The Wire-tailed Swallows (Hirundo smithii) are swallows found in Africa and Asia.
Their common name is derived from their very long, fine outer tail feathers which trail behind like two wires; and their scientific name honors Professor Chetien Smith, a Norwegian botanist, who was a member of the expedition that discovered this species.
Distribution / Habitat
Wire-tailed Swallows occur in two distinct populations:
The African race is widespread south of the Sahara, except for their range extending further along the Nile, and they are not found in the western equatorial lowland forests.
In southern Asia, they are found from Tadzhikistan, Afghanistan and northern Pakistan through India to Burma as well as northwestern and northeastern Thailand, Laos and central Vietnam.
Rarely, vagrants travel to Sri Lanka.
They are mostly resident (non-migratory), except for some populations in Pakistan and northern India that migrate south for the winter.
They are usually seen in pairs close to bodies of water and human habitation; or these fast fliers may fly low over water as they pursue their prey.
Subspecies, Ranges and ID:
- African Wire-tailed Swallow (Hirundo smithii smithii - Leach, 1818)
- African form found in sub-Saharan Africa; specifically in western Africa from Senegal east to southern Mali south to the central Ivory Coast east to central and southern Sudan, Ethiopia and Somalia, and south (avoiding the central rainforest zone) to northern Namibia, northern Botswana and northeastern South Africa.
- ID: Smaller and shorter-tailed than the Asian form.
- Asian Wire-tailed Swallow, Indian Wiretailed Swallow (Hirundo smithii filifera - Stephens, 1826)
- Asian form found in southern Uzbekistan south through Tajikistan, Afghanistan, Pakistan, India east to southwestern Nepal, Burma / Myanmar, northern Thailand, Laos, Cambodia and central Vietnam.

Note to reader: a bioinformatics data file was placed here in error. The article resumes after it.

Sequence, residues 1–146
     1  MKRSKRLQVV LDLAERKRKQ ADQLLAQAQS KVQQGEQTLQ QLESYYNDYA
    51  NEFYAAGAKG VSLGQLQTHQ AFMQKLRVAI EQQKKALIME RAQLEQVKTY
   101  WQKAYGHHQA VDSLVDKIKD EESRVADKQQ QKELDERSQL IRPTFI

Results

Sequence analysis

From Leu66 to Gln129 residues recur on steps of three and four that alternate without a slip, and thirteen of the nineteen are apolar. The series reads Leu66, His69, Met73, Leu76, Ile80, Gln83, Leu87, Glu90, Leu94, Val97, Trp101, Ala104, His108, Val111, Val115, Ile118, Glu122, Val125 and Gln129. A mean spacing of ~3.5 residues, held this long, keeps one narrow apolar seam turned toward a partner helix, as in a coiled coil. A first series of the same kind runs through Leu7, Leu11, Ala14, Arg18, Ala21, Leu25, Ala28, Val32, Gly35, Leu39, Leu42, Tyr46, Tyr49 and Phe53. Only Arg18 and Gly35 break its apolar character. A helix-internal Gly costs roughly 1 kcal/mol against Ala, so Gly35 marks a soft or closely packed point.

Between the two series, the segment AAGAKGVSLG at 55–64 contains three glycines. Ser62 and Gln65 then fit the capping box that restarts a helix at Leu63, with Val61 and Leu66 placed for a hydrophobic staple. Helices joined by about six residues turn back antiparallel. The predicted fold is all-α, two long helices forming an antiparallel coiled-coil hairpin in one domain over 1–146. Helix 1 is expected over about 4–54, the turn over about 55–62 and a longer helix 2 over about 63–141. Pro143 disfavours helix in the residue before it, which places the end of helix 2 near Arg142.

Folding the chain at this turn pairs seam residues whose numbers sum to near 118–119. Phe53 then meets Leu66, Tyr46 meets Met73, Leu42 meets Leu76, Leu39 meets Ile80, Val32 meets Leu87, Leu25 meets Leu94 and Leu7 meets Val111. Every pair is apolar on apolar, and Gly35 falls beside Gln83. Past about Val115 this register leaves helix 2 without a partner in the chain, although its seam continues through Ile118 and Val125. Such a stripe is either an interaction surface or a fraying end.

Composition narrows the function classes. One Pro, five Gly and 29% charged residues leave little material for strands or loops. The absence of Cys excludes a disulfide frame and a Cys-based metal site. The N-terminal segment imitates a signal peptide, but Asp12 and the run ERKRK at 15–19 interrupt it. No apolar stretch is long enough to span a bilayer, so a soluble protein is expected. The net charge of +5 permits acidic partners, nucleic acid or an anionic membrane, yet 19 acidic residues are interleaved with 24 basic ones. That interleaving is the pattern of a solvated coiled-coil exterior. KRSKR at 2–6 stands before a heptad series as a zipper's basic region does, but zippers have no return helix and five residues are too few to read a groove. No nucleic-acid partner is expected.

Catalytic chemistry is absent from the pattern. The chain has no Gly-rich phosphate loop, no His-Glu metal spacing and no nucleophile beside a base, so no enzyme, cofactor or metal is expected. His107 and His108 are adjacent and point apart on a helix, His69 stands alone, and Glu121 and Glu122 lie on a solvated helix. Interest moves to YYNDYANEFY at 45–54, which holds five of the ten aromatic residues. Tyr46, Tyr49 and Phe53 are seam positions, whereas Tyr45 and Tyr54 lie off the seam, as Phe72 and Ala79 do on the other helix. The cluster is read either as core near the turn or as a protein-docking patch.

Wire-tailed Swallows measure 5.6 inches or 14 cm in length.
Plumage Details / Adults
The plumage is mostly bright blue above, except for the reddish-brown crown (top of the head) and white spots on the tail. There is a blue bar extending from the beak through the eyes down to the neck and back. The plumage below is white, except for the darker flight feathers.
As suggested by their name, they have very long, outer tail feathers which trail behind like wires.
Females resemble the males, except they have shorter outertail feathers.
Immature birds can be recognized by their brown crown, back and tail.
Diet / Feeding
Wire-tailed Swallows mostly feed on insects (particularly flies), often caught in flight.
They are often observed in fast aerial pursuits of their insect prey.
Breeding / Nesting
They construct neat half-bowl nests placed on vertical surfaces near water, such as below the ledges of cliffs or man-made structures, such as buildings and bridges.
They collect mud with their beaks to line their nests with.
The average clutch consists of 3 - 4 eggs in Africa, and in Asia, up to 5 have been reported.
Unlike many other swallow species, which nest in colonies - the Wire-tailed Swallows are solitary and territorial nesters.
Calls / Vocalizations / Sounds
Alternate (Global) Names
Afrikaans: Draadstertswael ... Chinese: ??? ... Czech: Vlaštovka dlouhoocasá ... Danish: Trådhalesvale ... Dutch: Roodkruinzwaluw ... Estonian: Niitsaba-pääsuke ... Finnish: Jouhipääsky ... French: Hirondelle à longs brins ... German: Rotkappenschwalbe ... Icelandic: Þráðsvala ... Italian: Rondine codafili / codasottile di Smith ... Japanese: Hariotsubame ... Kwangali: Sisampamema ... Lithuanian: Si?lauodeg? kregžd? ... Norwegian: Trådhalesvale ... Polish: jaskólka rdzawoglowa, jaskó?ka rdzawog?owa ... Portuguese: Andorinha de cauda longa ... Russian: ???????? ???????????, ??????????? ???????? ... Slovak: Lastovicka hnedohlavá ... Slovenian: nitorepa lastovka ... Shona: Nyenganyenga ... Spanish: Golondrina Cola de Cerdas, Golondrina Colilarga ... Swedish: Trådstjärtsvala ... Swahili: Mbayuwayu Mkia-sindano ... Tamil: ????????? ????????? ... Thai: ??????????????? ... Turkish: tel kuyruklu k?rlang?ç, Tel-kuyruklu K?rlang?ç ... Tsonga: Mbawulwana ... Zulu: iNkonjane
Species Research by Sibylle Johnson
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